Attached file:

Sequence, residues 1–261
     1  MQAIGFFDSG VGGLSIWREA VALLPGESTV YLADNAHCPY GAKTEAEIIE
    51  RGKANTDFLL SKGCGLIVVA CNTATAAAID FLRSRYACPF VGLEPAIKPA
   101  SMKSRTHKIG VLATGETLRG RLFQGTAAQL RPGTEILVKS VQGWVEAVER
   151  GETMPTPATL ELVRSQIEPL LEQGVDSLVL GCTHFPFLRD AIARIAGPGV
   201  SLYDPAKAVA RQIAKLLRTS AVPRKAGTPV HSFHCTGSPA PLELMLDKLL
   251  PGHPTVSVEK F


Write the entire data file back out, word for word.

Sequence, residues 1–261
     1  MQAIGFFDSG VGGLSIWREA VALLPGESTV YLADNAHCPY GAKTEAEIIE
    51  RGKANTDFLL SKGCGLIVVA CNTATAAAID FLRSRYACPF VGLEPAIKPA
   101  SMKSRTHKIG VLATGETLRG RLFQGTAAQL RPGTEILVKS VQGWVEAVER
   151  GETMPTPATL ELVRSQIEPL LEQGVDSLVL GCTHFPFLRD AIARIAGPGV
   201  SLYDPAKAVA RQIAKLLRTS AVPRKAGTPV HSFHCTGSPA PLELMLDKLL
   251  PGHPTVSVEK F